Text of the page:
A blue-green revolution: Upgrading photosynthesis:Plants pirated the machinery they use for photosynthesis from bacteria more than a billion years ago. The same machinery is found in every single plant today, from tiny insect-eating sundews to colossal redwood trees - and it has barely changed. For all the architectural complexity that plants have evolved, they are still powered by the same engine they have had from the beginning. That's a bit like building a modern aircraft carrier and powering it with a Victorian steam engine.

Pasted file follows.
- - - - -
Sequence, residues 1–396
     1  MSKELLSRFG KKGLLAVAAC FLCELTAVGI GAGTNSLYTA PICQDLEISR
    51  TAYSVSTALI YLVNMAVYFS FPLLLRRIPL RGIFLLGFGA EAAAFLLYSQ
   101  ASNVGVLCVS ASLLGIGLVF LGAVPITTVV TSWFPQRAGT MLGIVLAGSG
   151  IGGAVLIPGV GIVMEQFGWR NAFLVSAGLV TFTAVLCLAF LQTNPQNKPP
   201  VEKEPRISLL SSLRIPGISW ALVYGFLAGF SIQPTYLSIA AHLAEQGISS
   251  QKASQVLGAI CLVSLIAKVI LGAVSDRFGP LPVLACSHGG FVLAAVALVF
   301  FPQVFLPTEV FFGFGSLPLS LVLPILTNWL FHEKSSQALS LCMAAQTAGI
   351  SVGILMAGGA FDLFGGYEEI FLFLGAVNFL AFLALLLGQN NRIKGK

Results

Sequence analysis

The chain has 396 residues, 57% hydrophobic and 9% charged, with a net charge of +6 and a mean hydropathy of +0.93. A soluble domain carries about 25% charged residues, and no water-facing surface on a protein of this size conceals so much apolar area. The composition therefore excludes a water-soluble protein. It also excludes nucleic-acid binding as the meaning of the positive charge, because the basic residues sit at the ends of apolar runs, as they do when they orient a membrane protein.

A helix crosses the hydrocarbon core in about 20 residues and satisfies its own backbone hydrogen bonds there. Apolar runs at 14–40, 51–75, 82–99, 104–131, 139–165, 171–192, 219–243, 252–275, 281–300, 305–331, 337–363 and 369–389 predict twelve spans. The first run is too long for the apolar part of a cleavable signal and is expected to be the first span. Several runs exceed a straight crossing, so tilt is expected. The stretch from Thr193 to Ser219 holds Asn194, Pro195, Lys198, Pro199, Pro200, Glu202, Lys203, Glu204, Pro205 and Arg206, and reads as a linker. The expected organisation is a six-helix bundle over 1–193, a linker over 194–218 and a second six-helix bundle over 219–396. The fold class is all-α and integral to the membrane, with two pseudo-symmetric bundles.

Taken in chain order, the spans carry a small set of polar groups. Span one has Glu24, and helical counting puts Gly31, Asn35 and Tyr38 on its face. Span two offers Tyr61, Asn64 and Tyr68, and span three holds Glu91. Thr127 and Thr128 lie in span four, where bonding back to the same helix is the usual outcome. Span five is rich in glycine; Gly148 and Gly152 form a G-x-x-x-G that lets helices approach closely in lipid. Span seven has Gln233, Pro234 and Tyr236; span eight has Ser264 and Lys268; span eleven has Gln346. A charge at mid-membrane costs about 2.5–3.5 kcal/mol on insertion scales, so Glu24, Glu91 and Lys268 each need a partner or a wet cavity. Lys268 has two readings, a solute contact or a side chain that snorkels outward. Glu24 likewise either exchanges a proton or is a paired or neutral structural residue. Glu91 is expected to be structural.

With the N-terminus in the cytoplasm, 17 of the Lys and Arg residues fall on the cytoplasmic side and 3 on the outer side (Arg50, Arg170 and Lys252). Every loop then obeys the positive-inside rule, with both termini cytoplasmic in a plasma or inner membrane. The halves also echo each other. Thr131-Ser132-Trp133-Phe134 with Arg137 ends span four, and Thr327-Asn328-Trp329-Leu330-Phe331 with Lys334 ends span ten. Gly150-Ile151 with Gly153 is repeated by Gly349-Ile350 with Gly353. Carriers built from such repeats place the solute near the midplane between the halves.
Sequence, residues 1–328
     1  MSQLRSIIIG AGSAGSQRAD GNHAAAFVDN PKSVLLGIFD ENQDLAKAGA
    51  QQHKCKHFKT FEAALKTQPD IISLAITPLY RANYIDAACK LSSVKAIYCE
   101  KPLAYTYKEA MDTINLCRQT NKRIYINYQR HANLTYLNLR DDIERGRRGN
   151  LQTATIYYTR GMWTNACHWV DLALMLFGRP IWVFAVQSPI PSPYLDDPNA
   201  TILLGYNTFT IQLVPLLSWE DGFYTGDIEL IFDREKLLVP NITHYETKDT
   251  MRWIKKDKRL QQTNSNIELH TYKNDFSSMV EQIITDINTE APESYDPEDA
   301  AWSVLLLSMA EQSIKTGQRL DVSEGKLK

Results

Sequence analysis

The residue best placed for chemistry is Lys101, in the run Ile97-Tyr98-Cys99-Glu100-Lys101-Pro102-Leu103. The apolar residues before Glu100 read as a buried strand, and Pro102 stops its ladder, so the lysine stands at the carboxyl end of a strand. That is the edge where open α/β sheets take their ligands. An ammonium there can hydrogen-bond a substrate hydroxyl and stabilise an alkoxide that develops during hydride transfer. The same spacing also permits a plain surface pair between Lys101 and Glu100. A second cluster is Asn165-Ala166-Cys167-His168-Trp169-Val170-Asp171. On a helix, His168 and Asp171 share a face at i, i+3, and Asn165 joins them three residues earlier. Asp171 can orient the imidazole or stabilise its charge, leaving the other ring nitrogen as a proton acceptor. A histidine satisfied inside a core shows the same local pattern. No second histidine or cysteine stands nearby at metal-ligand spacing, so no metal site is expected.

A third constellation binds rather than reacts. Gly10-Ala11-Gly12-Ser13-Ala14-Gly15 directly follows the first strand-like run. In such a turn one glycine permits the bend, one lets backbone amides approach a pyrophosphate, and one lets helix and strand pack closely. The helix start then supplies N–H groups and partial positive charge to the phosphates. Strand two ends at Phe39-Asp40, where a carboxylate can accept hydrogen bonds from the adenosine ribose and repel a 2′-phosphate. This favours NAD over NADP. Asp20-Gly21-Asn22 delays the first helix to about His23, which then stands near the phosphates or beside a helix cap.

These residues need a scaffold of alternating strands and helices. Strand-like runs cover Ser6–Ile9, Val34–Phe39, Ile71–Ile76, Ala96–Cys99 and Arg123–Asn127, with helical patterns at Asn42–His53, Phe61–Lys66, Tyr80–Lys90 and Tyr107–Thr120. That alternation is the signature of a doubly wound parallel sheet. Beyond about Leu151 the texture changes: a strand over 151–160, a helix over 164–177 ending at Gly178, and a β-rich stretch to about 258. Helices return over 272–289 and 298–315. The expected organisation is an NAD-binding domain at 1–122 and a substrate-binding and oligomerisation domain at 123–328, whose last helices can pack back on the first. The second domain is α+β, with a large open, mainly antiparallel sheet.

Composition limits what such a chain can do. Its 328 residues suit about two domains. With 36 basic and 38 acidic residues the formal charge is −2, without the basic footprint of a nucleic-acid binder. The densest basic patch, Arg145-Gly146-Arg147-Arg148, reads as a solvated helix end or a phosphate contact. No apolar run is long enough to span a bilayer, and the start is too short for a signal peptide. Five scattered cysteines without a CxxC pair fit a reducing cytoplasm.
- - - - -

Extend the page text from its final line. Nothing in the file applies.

By contrast, while photosynthetic bacteria don't look like they have changed much, some have made big improvements under the hood. They can convert carbon dioxide into food far more efficiently than most plants, and many are also able to make their own nitrogen fertiliser. If crop plants could be upgraded with just some of the improved machinery found in modern bacteria, agriculture could be revolutionised once again.
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